16

**MAT244--Lectures & Home Assignments / Sec 7.1 Q4**

« **on:**October 30, 2018, 12:05:54 PM »

What does $u^{(4)}$ stand for?

This section allows you to view all posts made by this member. Note that you can only see posts made in areas you currently have access to.

Pages: 1 [**2**]

16

What does $u^{(4)}$ stand for?

17

(a) reformat equation into

$$y'' + p(x)y' + q(x)$$

where

$$p(x) = -\frac{x}{x-1}$$

by equation of wronskian

\begin{gather*}

W(x) = \exp(-\int p(x) dx)\\

W(x) = \exp(\int \frac{x}{x-1} dx) = \exp(\int \frac{u+1}{u}du) = c_0ue^u = c_0(xe^{x-1} - e^{x-1})

\end{gather*}

choose $c_0 = e$

$$W(x) = xe^x - e^x$$

(b) Plug in $y = x, y' = 1, y'' = 0$, equation becomes

$$-x + x = 0$$

therefore $y=x$ is a solution, let second solution be $y_2$ and let $y_1 = x$ since

$$W(x) = y_1y_2' - y_1'y_2$$

Plug in $y_1 = x, y_1' = 1$

$$xe^x - e^x = xy_2' - y_2$$

By inspection

$$y_2 = e^x$$

Hence, general solution is

$$y(x) = c_1x + c_2e^x$$

c) Set $y(0) = 1$

$$c_2 = 1$$

Set $y'(0) = 0, y'(0) = c_1 + c_2e^x$

$$c_1 + c_2 = 0, c_1 = -c_2 = -1$$

Hence the solution is

$$y(x) = -x + e^x$$

$$y'' + p(x)y' + q(x)$$

where

$$p(x) = -\frac{x}{x-1}$$

by equation of wronskian

\begin{gather*}

W(x) = \exp(-\int p(x) dx)\\

W(x) = \exp(\int \frac{x}{x-1} dx) = \exp(\int \frac{u+1}{u}du) = c_0ue^u = c_0(xe^{x-1} - e^{x-1})

\end{gather*}

choose $c_0 = e$

$$W(x) = xe^x - e^x$$

(b) Plug in $y = x, y' = 1, y'' = 0$, equation becomes

$$-x + x = 0$$

therefore $y=x$ is a solution, let second solution be $y_2$ and let $y_1 = x$ since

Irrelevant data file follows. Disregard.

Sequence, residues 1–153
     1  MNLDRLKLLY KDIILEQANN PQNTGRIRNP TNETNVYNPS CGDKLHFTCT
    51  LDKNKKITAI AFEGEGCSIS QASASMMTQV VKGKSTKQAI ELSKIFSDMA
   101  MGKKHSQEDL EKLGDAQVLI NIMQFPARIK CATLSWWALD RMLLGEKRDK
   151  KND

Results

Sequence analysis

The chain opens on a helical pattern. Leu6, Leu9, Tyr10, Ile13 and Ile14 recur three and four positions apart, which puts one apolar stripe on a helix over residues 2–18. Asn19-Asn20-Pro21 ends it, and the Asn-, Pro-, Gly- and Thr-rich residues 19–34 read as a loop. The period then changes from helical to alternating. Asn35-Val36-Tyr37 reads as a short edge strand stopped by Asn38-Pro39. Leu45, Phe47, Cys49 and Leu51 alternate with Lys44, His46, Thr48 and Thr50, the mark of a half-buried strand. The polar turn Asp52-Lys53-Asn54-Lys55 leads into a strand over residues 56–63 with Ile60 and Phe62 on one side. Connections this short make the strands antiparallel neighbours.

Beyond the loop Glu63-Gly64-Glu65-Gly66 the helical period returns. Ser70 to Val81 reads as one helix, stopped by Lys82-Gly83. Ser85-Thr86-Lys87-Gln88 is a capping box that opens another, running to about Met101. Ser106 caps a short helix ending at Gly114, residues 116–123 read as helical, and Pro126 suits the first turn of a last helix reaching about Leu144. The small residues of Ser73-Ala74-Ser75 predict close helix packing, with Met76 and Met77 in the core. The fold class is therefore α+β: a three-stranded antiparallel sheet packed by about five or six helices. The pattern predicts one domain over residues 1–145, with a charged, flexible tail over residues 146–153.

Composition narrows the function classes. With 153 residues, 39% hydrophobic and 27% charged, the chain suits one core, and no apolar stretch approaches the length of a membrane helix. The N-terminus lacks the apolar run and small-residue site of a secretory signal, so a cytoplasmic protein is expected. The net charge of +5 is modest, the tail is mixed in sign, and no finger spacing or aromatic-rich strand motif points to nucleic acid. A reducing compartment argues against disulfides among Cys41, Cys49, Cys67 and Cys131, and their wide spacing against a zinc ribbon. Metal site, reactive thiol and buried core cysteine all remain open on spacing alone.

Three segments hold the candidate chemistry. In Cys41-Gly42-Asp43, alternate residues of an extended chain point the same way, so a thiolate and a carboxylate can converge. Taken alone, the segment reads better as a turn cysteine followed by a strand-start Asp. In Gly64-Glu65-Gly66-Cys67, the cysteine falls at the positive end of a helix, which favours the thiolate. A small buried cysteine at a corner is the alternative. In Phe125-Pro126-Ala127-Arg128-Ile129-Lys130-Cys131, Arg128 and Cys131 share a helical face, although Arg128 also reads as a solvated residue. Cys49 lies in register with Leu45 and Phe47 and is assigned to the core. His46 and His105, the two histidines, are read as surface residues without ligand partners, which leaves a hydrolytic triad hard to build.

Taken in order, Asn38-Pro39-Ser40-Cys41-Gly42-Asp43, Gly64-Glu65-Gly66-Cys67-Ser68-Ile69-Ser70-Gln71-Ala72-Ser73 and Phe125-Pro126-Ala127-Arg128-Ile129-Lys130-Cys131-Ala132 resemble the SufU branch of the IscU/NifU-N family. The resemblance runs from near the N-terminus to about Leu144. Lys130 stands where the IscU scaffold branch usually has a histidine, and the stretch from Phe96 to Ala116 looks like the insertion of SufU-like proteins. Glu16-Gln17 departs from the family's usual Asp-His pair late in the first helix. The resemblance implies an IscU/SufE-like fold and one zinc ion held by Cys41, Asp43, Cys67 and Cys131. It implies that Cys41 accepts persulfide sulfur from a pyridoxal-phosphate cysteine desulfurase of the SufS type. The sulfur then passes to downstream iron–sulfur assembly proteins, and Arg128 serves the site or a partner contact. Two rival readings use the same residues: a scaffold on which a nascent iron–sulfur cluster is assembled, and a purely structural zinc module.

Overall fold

$$W(x) = y_1y_2' - y_1'y_2$$

Plug in $y_1 = x, y_1' = 1$

$$xe^x - e^x = xy_2' - y_2$$

By inspection

$$y_2 = e^x$$

Hence, general solution is

$$y(x) = c_1x + c_2e^x$$

c) Set $y(0) = 1$

$$c_2 = 1$$

Set $y'(0) = 0, y'(0) = c_1 + c_2e^x$

$$c_1 + c_2 = 0, c_1 = -c_2 = -1$$

Hence the solution is

$$y(x) = -x + e^x$$

18

Also, there is an earlier one in Sec2.4 27, where $y'$ should be replaced by $z'$. Not sure if a separate post is appropriate.

19

In **Method of Reduction**, part a, after wronskian is expanded $y_1$ should be replaced by $y_1'$

20

Reformat equation into form $y'' + p(t)y' + q(t) = 0$

We can see that

$p(t) = \frac{\sin(t)}{\cos(t)}$

By the equation for wronskian

$$W(t) = \exp \bigl(\int p(t) dt\bigr) = \exp \bigl(\int \frac{\sin(t)}{\cos(t)} dt\bigr) = \exp (-\ln(\cos(t))+\ln (c_0)) = \frac{c_0}{\cos(t)}$$

where $c_0$ depends on choice of $y_2$ and $y_2$

We can see that

$p(t) = \frac{\sin(t)}{\cos(t)}$

By the equation for wronskian

$$W(t) = \exp \bigl(\int p(t) dt\bigr) = \exp \bigl(\int \frac{\sin(t)}{\cos(t)} dt\bigr) = \exp (-\ln(\cos(t))+\ln (c_0)) = \frac{c_0}{\cos(t)}$$

where $c_0$ depends on choice of $y_2$ and $y_2$

21

$y_1 = x^3, y_1' = 3x^2, y_1'' = 6x$

$y_2 = y_2' = y_2'' = e^x$

Expand W(y, y_1, y_2)

$$y(y_1'y_2'' - y_2'y_1'') - y'(y_1y_2'' - y_2y_1'') + y''(y_1y_2' - y_2y_1') = 0.$$

Plug in $y_1$, $y_2$ and their derivatives, equation becomes

$$(x^3 - 3x^2)e^xy'' + (6x - x^3)e^xy' + (3x^2 - 6x)e^xy' = 0$$

or

$$ (x^2 - 3x)y'' + (6 - x^2)y' + (3x - 6)y' = 0$$

Btw, I think typo is still there. Two $y_2''$. FIXED

$y_2 = y_2' = y_2'' = e^x$

Expand W(y, y_1, y_2)

$$y(y_1'y_2'' - y_2'y_1'') - y'(y_1y_2'' - y_2y_1'') + y''(y_1y_2' - y_2y_1') = 0.$$

Plug in $y_1$, $y_2$ and their derivatives, equation becomes

$$(x^3 - 3x^2)e^xy'' + (6x - x^3)e^xy' + (3x^2 - 6x)e^xy' = 0$$

or

$$ (x^2 - 3x)y'' + (6 - x^2)y' + (3x - 6)y' = 0$$

Btw, I think typo is still there. Two $y_2''$. FIXED

22

\begin{gather*}

N_x = \frac{2x}{y} - \frac{3y}{x^2}, M_y = -\frac{6}{y^2}, xM = 3x^2 + \frac{6x}{y}, yN = x^2 + 3\frac{y^2}{x}, \\\frac{N_x - M_y}{xM - yN} = \frac{\frac{2x}{y} - \frac{3y}{x^2} + \frac{6}{y^2}}{2x^2 - \frac{3y^2}{x} + \frac{6x}{y}} = R = \frac{1}{xy}

\end{gather*}

From assignment

\begin{gather*}

\mu (z) = \exp(\int \frac{1}{z} d(z)) = z,\\

\mu M = 3x^2y + 6x, \mu N = x^3 + 3y^2,\\

\int \mu M dx = x^3y + 3x^2 + f(y) + c_0,\\

\int \mu N dy = x^3y + y^3 + g(x) + c_1.

\end{gather*}

Combine the previous two result gives

$$ \phi(x, y) = x^3y + 3x^2 + y^3 = c,$$

~~where ~~